It will become the scene of both her most fulfilling and horrific experiences, but for the Olympian, it was the moment that defined her for the rest of her life. “That one was the pinnacle, because once you are an Olympian, you will always be an Olympian. That is something no one can ever take away from you. I was proud to represent my country,” said Sharpe during a recent chat with The Gleaner. A great accomplishment for a bright-eyed 16 year-old; still, the Munich Olympics, which were ironically marketed as ‘The Happy Games’, will be mostly remembered for the killing of 11 Israeli athletes and coaches by a group of Palestinian terrorists who had taken them hostage. Sharpe reminisced on the scenes in the Athletes Village and how that incident not only changed the mood of the Games, but also her own perspective. “I remember probably more than I want to remember from it. We could see the terrorist standing outside on the balcony with his gun because of the way the village was set out,” she shared. “The mood of the Games changed. The last time it was held in Germany, it was held in Berlin, and the whole thing with Jesse Owens and (Adolf) Hitler, and so Germany was going out of their way to try and make this a comfortable, friendly games, and that’s how we felt about it.” The extra security detail and the jubilant reactions to the false news that the hostages had been freed are all still fresh in her mind. “I was going through the line at breakfast and I had a smile on my face and the lady that was serving me breakfast she said ‘You don’t know do you? Nobody knows.’ “And I said, ‘Know what?’ And she said, ‘They were all killed.” What didn’t die for Sharpe, is the resolve that she developed from that experience. “Its not something that I usually tell people. I don’t believe in tooting my own horn from that point of view. There is something inside of me that no one can take away from me; I know what my accomplishments are, I just feel like I can hold myself up so high from the experience of being an Olympian, and I always have that self confidence and that’s what reaching that level of sports gives you – you know who you are,” she beamed. This summer, she will have company in the chronicles of Jamaican diving history with Yona Knight-Wisdom set to carve his name beside hers as Jamaican diving Olympian after his qualification to the Rio Olympic Games. MUNICH 1972 In 1966, a Gleaner article declared: “Jamaicans are naturally athletic and agile people, and we could produce divers of world class if more attention was paid to this aspect of swimming.” This bold proclamation was made just after 10 year-old Betsy Sullivan had represented Jamaica in 3m diving competition at the 1966 Commonwealth Games held in Kingston. ” … at that age you kind of know no fear. Whatever is there to do you just do it. Life is just for living at that age, you’re enjoying yourself and having a great time, totally oblivious to the fact I had qualified to a games at age 10 and the magnitude of what that meant. I was just an average 10 year-old playing with my friends, having a good time,” she remembered. “I wasn’t there to win, I didn’t have any expectations at that age, it was just a good experience and I really enjoyed it.” Six years down the road, the then – teenager, Sullivan – now Betsy Sharpe, became the first Jamaican to qualify for the Olympics in the diving event.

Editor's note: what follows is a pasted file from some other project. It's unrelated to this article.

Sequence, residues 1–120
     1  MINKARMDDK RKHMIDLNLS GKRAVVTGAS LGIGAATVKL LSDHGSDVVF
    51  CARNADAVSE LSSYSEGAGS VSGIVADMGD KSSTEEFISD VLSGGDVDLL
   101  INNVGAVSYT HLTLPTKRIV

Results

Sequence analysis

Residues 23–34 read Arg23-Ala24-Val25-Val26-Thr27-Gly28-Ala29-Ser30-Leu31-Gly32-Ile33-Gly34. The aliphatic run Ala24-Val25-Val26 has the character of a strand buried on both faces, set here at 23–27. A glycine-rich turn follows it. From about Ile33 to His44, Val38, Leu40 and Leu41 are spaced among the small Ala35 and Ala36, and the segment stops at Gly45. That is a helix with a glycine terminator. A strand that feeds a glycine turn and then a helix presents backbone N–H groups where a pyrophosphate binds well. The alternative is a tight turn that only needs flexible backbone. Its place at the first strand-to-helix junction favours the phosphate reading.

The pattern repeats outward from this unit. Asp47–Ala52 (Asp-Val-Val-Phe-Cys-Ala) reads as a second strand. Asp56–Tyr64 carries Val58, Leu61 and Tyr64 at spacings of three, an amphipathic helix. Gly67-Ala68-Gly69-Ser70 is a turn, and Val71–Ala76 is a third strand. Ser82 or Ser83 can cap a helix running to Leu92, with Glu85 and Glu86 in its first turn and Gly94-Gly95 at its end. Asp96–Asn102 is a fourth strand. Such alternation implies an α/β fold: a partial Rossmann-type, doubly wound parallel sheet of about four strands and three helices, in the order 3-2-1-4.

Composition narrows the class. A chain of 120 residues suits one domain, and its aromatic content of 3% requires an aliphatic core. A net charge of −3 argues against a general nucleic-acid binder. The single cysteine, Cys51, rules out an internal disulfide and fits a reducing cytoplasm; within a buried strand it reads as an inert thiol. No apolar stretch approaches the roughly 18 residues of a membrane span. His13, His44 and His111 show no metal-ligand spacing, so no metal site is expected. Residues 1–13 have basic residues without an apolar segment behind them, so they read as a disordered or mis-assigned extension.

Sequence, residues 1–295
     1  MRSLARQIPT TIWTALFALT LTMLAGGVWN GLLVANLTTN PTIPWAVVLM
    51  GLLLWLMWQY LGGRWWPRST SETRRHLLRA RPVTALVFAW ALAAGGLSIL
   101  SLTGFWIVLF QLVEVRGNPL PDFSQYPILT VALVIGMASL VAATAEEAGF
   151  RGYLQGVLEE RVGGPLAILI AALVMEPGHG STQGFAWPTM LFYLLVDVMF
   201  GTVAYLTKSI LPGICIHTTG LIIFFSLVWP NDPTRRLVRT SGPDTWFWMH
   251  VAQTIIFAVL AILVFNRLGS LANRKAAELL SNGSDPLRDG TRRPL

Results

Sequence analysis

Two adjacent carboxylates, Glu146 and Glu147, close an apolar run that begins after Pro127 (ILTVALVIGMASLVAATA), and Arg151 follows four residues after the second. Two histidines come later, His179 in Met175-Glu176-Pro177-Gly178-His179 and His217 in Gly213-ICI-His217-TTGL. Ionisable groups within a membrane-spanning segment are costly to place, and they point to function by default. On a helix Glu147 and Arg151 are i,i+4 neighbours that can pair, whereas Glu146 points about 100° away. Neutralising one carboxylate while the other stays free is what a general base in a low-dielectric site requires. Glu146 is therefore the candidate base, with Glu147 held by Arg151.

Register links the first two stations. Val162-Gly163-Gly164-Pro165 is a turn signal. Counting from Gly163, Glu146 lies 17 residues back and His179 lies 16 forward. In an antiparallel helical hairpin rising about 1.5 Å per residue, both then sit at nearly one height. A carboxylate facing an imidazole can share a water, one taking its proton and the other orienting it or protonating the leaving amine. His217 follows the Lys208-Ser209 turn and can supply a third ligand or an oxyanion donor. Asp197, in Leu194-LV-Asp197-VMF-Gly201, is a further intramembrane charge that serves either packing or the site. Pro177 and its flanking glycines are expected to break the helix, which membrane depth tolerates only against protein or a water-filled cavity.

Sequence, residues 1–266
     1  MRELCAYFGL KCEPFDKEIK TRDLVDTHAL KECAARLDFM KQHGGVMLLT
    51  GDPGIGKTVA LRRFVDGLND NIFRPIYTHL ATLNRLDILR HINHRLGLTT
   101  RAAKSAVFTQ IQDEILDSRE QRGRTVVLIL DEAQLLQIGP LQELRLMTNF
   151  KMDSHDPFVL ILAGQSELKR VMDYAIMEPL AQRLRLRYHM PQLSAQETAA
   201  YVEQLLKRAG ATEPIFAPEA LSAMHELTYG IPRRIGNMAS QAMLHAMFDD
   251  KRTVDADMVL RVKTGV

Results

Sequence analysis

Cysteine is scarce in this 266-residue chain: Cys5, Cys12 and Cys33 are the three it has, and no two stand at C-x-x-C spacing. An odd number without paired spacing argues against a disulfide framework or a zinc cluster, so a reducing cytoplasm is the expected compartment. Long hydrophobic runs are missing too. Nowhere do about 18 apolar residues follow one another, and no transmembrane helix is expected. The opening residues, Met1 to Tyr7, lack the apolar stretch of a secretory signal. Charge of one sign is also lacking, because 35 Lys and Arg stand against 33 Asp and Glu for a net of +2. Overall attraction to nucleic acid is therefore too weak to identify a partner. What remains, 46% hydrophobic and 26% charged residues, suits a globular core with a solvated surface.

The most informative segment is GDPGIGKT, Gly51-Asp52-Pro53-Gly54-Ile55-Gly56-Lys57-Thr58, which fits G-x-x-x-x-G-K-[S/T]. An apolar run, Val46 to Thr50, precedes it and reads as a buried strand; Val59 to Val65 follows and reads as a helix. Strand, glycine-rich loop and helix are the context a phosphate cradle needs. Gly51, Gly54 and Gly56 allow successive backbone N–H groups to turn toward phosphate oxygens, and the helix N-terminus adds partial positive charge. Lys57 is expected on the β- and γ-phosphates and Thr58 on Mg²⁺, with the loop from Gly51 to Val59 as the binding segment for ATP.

After 2 monthsEmployees of the Local Government Commission (LGC) have finally been paid, after waiting for over two months for the Communities Ministry to release the monies.This was confirmed by a commissioner of the constitutional agency on Friday, who noted that while the payments were disbursed, concerns are still being raised as to why the Commission has not been aligned to the Fiscal Management and Authority Act, so as to acquire control of its financial expenditures.Without this document, there are inaccuracies in the salaries which are set aside for some commissioners, since this amount was a temporary fix until the amendment was intact. Communities Minister Ronald Bulkan was responsible for ensuring that all legislations were in place when the Commission was established.“They paid what was owed but they never paid what was budgeted for us for 2019. I think the issue with which budget agency we’re under was just because they didn’t want to pay us proper salaries. Some of the staff are being paid way above the public service while some of the commissioners are still given a small salary, like a stipend,” the commissioner said.The commissioner questioned why the LGC is recognised as a constitutional agency but not as one which can manage its finances.“What was budgeted for us was never paid. From the time the Commission was sworn in, we were receiving this payment because although we are a constitutional agency, the Communities Minister was supposed to do a simple amendment to ensure that we are aligned to the Fiscal Management and Accountability Act. Although the 2019 budget was approved, they refused to give us. How are we recognised for everything as a constitutional body, but we’re not recognised for payments,” the commissioner added.This issue was brought to the fore some weeks ago, to which Chairman of the Commission, Mortimer Mingo, explained that the Permanent Secretary of the Communities Ministry, Emil McGarrell, refused to countersign documents to release funds for salaries and other expenses.“It then became apparent, by a way of a letter received by the Commission from the Deputy Permanent Secretary… that the Ministry was not in agreement with the level of pay that the Commission’s staff was receiving, since according to the letter, these salaries were not in keeping with the traditional public sector emoluments,” Mingo had said.As such, the LGC opted to settle the matter through a meeting with McGarell on January 28, but the Permanent Secretary did not withdraw his decision not to sign the documents.This sparked some controversy with former Local Government Minister, Ganga Persaud who placed the blame on Bulkan, stating that operations were stymied due to the withholding of funds.“If this Government can react to its Commission and the 27 staff members that it has done, then I think it is really unjust. It is a travesty and an injustice against the working people of this country. It is a crime against humanity,” Persaud had told Guyana Times.According to Persaud, this move is aimed at leaving the Commission with no other option but to relinquish its responsibilities to the Ministry, another way for Government to take control of local democratic organs. All entities under the Commission are also deprived of payments for this time.Persaud said to rectify this issue, the Commission must be duly established to function as any other constitutional body.